Russian Federation: Staff Concluding Statement of the 2016 Article IV Mission

May 19, 2016

A Concluding Statement describes the preliminary findings of IMF staff at the end of an official staff visit (or ‘mission’), in most cases to a member country. Missions are undertaken as part of regular (usually annual) consultations under Article IV of the IMF's Articles of Agreement, in the context of a request to use IMF resources (borrow from the IMF), as part of discussions of staff monitored programs, or as part of other staff monitoring of economic developments.

The authorities have consented to the publication of this statement. The views expressed in this statement are those of the IMF staff and do not necessarily represent the views of the IMF’s Executive Board. Based on the preliminary findings of this mission, staff will prepare a report that, subject to management approval, will be presented to the IMF Executive Board for discussion and decision.

May 19, 2016

The Russian economy continues to adjust to the dual shocks of lower oil prices and sanctions. The economic contraction is nonetheless shallower than previous recessions as the authorities’ economic package—a flexible exchange rate regime, banking sector capital and liquidity injection, limited fiscal stimulus, and regulatory forbearance—cushioned the shocks, helped restore confidence and stabilized the banking system.

Outlook and Risks

Yet the recession is extending into 2016, with the economy expected to contract by about 1½ percent due to lower oil prices, weak household income growth, and fiscal consolidation. With oil prices expected to stabilize and domestic financial conditions to ease, the economy is projected to start growing again in 2017 by about 1 percent. Inflation has decelerated significantly due to weak economic activity, a tight monetary policy stance, and the government’s restrictive income policies. Inflation is expected to reach about 6½ percent at end-2016 and fall further towards the central bank’s inflation target during 2017. However, medium-term prospects remain subdued due to a weak oil price outlook, adverse population dynamics coupled with long-standing structural bottlenecks, and the impact of sanctions on productivity and investment. Barring significant structural reforms, long-term growth is likely to settle around 1½ percent.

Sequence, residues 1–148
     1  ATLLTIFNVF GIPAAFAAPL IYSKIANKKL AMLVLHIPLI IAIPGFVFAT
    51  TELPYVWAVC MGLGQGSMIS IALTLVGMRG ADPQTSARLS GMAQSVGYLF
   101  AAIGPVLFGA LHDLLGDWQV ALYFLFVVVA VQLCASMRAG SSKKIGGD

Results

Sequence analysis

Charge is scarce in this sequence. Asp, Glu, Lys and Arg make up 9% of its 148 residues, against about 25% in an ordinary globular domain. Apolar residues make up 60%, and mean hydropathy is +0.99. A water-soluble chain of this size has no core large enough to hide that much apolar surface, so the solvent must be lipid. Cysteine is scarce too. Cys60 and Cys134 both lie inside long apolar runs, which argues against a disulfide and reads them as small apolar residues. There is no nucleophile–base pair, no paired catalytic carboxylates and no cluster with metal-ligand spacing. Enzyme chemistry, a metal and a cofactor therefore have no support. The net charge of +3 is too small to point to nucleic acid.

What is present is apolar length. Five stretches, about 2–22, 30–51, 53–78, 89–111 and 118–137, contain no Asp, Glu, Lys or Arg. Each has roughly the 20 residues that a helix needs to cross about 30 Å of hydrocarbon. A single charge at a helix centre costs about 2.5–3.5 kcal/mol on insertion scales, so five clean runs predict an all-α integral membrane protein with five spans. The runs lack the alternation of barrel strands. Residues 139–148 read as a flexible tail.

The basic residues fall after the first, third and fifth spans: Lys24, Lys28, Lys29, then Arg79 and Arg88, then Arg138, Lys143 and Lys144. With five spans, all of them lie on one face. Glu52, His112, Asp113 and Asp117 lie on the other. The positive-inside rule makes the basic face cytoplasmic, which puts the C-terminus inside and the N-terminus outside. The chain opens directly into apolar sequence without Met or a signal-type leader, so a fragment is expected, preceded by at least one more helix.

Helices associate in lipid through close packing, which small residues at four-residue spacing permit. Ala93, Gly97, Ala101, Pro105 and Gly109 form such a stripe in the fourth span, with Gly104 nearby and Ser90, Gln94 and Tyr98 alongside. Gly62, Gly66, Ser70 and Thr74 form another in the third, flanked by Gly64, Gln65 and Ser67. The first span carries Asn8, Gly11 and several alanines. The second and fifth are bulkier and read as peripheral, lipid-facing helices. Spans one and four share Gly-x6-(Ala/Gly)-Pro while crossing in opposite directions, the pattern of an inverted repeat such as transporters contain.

A key downside risk to this outlook is lower-than-projected oil prices which would adversely affect growth, even if existing buffers would make the situation manageable from an external stability perspective. Also, the absence of credible measures to balance the budget in the medium-term could foster uncertainty and further limit growth. Finally, a persistently weak banking system could negatively weigh on economic prospects as constrained credit supply would affect investment.

Economic Policies

Policies should focus on managing the necessary adjustment to lower oil prices while supporting the recovery by: (1) anchoring the required fiscal adjustment in a credible medium-term plan and balancing the adjustment to minimize the short-term impact on growth; (2) resuming monetary policy loosening as inflation risks subside to mitigate the expected fiscal consolidation and support the recovery; (3) strengthening financial sector institutions to better support growth; and (4) advancing structural reforms to leverage the more competitive exchange rate and rebalance growth towards non-energy tradable goods.

1. Fiscal Policy

The authorities have taken bold initial steps to lower the fiscal deficit. However, the required fiscal adjustment, estimated at about 4-5 percent of GDP over the medium-term to attain a balanced budget, remains significant. Moreover, a smoother fiscal adjustment plan based on quality and permanent measures, anchored within a credible multi-year framework would have been preferable. As such, reintroducing in the 2017 budget the three-year budgeting framework together with a credible fiscal rule is critical to help reduce policy uncertainty by providing greater clarity over future fiscal measures. In addition, any fiscal adjustment should safeguard growth-enhancing expenditures such as efficient public investment, education and health care spending. Finally, a parametric pension reform has become urgent to reap the necessary fiscal benefits in a timely manner. In addition, this reform should strive to develop and preserve sources of long-term financing.